Acclaimed journalist Glass looks to the American expatriate experience of Nazi-occupied Paris to reveal a fascinating forgotten history of the greatest generation. A moving and deeply thought-provoking book.—“Sunday Telegraph.”
Acclaimed journalist Charlie Glass looks to the American expatriate experience of Nazi-occupied Paris to reveal a fascinating forgotten history of the greatest generation.
In “Americans in Paris,” tales of adventure, intrigue, passion, deceit, and survival unfold season by season, from the spring of 1940 to liberation in the summer of 1944, as renowned journalist Charles Glass
tells the story of a remarkable cast of expatriates and their struggles in Nazi Paris. Before the Second World War began, approximately thirty thousand Americans lived in Paris, and when war broke out in 1939 almost five thousand remained. As citizens of a neutral nation, the Americans in Paris believed they had little to fear. They were wrong. Glass's discovery of letters, diaries, war documents, and police files reveals as never before how Americans were trapped in a web of intrigue, collaboration, and courage.
Artists, writers, scientists, playboys, musicians, cultural mandarins, and ordinary businessmen-all were swept up in extraordinary circumstances and tested as few Americans before or since. Charles Bedaux, a French-born, naturalized American millionaire, determined his alliances as a businessman first, a decision that would ultimately make him an enemy to all. Countess Clara Longworth de Chambrun was torn by family ties to President Roosevelt and the Vichy government, but her fiercest loyalty was to her beloved American Library of Paris. Sylvia Beach attempted to run her famous English-language bookshop, Shakespeare & Company, while helping her Jewish friends and her colleagues in the Resistance. Dr. Sumner Jackson, wartime chief surgeon of the American Hospital in Paris, risked his life aiding Allied soldiers to escape to Britain and resisting the occupier from the first day. These stories and others come together to create a unique portrait of an eccentric, original, diverse American community.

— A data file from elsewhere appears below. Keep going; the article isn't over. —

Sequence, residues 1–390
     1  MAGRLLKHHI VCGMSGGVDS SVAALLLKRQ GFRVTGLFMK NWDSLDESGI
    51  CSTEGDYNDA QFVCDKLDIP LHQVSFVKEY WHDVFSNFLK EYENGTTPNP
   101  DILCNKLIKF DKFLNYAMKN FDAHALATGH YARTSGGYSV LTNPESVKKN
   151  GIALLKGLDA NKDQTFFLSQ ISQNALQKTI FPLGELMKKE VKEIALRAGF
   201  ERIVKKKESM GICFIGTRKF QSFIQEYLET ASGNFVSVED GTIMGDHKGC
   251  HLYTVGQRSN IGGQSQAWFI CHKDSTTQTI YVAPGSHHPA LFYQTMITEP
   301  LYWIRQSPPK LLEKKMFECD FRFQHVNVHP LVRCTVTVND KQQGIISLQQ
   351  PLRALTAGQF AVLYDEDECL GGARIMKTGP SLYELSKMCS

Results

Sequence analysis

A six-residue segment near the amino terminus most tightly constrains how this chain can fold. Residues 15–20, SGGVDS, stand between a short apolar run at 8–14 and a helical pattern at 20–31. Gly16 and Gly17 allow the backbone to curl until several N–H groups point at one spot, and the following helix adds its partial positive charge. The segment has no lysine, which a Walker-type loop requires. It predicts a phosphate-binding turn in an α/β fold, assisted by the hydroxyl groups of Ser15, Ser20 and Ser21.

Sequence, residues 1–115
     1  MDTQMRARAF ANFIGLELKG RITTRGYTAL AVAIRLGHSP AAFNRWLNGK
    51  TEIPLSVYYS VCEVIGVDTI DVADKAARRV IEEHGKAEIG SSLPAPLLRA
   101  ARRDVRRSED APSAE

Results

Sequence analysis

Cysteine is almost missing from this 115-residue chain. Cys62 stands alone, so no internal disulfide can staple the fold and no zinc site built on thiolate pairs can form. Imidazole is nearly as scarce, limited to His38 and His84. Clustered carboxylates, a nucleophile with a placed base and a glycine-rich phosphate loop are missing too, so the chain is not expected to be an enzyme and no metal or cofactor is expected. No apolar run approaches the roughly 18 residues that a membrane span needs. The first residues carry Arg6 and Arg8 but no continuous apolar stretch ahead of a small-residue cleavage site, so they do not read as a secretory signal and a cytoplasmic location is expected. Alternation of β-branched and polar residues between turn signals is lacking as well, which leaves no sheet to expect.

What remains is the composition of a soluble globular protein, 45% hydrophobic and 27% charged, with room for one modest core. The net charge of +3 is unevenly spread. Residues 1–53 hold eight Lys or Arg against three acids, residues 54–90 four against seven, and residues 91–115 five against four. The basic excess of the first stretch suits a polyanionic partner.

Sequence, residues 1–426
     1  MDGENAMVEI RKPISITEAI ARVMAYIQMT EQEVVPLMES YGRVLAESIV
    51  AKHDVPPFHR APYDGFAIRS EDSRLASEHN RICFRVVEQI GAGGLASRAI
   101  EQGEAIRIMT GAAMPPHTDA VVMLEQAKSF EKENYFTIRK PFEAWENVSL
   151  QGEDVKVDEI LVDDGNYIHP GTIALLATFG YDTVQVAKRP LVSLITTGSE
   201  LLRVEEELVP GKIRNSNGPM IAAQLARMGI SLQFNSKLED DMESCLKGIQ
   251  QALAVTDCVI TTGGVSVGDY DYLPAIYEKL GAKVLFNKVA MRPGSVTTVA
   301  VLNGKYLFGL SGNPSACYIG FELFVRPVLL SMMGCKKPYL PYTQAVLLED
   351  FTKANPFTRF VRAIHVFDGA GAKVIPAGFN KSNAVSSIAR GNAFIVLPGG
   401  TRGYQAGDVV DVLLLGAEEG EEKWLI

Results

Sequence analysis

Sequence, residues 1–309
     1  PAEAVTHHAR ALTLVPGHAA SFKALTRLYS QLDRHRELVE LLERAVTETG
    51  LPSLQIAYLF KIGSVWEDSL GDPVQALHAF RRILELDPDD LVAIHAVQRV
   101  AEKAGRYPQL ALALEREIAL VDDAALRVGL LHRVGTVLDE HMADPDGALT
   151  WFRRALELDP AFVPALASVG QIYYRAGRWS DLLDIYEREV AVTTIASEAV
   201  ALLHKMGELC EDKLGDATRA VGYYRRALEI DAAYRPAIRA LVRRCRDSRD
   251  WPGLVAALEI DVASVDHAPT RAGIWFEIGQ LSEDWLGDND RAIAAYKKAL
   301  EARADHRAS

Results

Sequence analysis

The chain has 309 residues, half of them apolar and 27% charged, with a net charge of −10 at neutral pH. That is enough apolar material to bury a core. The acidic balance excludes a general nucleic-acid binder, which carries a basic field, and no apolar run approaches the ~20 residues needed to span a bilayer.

has written an exciting, fast-paced, and elegant account of the moral contradictions faced by Americans in Paris during France's dangerous occupation years. For four hard years, from the summer of 1940 until U.S. troops liberated Paris in August 1944, Americans were intimately caught up in the city's fate. “Americans in Paris” is an unforgettable tale of treachery by some, cowardice by others, and unparalleled bravery by a few.
was chief Middle East correspondent for ABC News until his kidnap by Hizbullah in Lebanon in 1993. He is an established journalist and political commentator with an international reputation. His other books are Tribes with Flags, Money for Old Rope and The Tribes Triumphant.